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Tips From Gloria Borger
Interview by Ethan Ozelius and Christian Moquin
Scholastic Student Reporters


Ethan Ozelius interviews Gloria Borger. (Photo by Suzanne Freeman)
Gloria Borger works for CNBC, NBC, and is a political columnist for U.S. News and World Report magazine. She stopped to talk to Scholastic Student Reporters at a legends hockey game in Manchester, New Hampshire, during the primary election campaign there. Both Scholastic News Online and Borger were covering the hockey game because Senator John Kerry was playing.

Borger is co-anchor of CNBC's Capital Report, and she's a regular panelist on the PBS show Washington Week in Review. She joined U.S. News & World Report in 1986 as a political reporter. Earlier, she worked as Newsweek's chief congressional correspondent.


SN: Do you have any advice for us as kid reporters?
Borger: Well, I think you're doing the right thing. I think you're coming out here and seeing everybody firsthand. It's really important as a reporter covering a presidential race to get out there and see the candidates firsthand. The other thing you'd have to do if you were a real political reporter is get to know all the people who work for them. Get to know all the people who are behind the scenes; start talking to them about what their strategy is for winning in New Hampshire and then going on to the next set of primaries on February 3, which will be really important to somebody like John Kerry.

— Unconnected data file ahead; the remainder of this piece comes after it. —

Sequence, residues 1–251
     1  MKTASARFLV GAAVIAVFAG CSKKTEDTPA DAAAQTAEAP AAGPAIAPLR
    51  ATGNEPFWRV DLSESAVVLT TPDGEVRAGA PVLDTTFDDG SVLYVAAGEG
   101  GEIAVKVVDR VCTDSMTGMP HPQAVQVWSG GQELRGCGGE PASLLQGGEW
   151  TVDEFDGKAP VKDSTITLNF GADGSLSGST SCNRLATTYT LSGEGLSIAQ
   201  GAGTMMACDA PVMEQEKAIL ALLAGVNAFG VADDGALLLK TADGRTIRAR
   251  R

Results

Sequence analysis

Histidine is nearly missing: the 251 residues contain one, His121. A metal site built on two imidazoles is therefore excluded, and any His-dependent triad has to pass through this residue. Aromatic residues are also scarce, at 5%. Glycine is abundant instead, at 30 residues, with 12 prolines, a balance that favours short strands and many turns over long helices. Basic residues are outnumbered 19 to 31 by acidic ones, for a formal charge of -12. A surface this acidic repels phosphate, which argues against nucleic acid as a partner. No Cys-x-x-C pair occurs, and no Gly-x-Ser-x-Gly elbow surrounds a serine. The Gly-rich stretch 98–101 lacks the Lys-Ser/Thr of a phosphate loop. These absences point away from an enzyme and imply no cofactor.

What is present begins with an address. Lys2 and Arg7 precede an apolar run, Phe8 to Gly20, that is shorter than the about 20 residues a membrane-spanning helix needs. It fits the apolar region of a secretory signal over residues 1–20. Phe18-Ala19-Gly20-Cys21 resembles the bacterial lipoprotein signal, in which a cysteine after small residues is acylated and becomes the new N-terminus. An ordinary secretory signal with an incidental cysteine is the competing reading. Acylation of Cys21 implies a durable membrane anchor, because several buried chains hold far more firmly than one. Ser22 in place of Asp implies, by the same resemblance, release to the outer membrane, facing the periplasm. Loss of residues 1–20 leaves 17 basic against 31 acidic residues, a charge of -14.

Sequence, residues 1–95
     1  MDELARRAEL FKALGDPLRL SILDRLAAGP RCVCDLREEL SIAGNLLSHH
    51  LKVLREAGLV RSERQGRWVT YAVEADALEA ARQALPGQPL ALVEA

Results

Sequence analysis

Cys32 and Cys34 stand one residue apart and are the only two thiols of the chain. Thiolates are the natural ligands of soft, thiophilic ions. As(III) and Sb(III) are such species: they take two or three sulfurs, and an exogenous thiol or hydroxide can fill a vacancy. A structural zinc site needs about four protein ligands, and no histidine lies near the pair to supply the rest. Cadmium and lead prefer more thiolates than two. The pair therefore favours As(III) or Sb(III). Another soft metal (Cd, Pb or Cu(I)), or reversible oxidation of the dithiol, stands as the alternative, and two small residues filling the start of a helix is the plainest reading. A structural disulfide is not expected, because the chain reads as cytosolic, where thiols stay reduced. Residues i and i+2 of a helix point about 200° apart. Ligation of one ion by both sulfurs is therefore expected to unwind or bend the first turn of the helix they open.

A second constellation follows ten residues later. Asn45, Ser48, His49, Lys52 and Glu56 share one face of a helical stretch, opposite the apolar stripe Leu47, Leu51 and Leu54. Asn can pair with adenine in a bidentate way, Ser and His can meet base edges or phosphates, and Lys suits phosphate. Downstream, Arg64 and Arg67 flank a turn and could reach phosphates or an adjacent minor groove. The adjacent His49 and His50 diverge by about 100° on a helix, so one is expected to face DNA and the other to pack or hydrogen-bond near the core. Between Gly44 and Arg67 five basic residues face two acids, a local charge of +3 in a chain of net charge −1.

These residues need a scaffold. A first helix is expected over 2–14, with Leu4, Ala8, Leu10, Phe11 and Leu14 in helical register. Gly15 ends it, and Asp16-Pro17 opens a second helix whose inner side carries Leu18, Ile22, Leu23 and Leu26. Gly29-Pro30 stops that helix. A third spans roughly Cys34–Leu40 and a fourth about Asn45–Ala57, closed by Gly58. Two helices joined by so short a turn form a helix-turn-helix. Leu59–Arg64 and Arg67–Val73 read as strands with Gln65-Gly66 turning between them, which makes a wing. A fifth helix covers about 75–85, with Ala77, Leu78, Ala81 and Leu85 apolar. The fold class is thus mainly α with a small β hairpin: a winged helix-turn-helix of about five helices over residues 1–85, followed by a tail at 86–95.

Christian Moquin and Ethan Ozelius interview Gloria Borger. (Photo by Suzanne Freeman)

SN: Do you travel a lot?
Borger: I do, particularly in an election year. I have children myself, so I don't like to travel that much, but this is kind of my rough time when I have to travel a lot, because you really can't cover a presidential race unless you're out there with the candidates. I love New Hampshire. It's a beautiful place to come to even though it's a little chilly.

SN: What's the most fun event you've ever been to?
Borger: Well, I'll tell you what. The events that I like most in terms of politics are the conventions, because everybody you've ever interviewed politically and everyone you know is in one place. You can kind of meet and greet the people you talk to on the telephone all the time in person.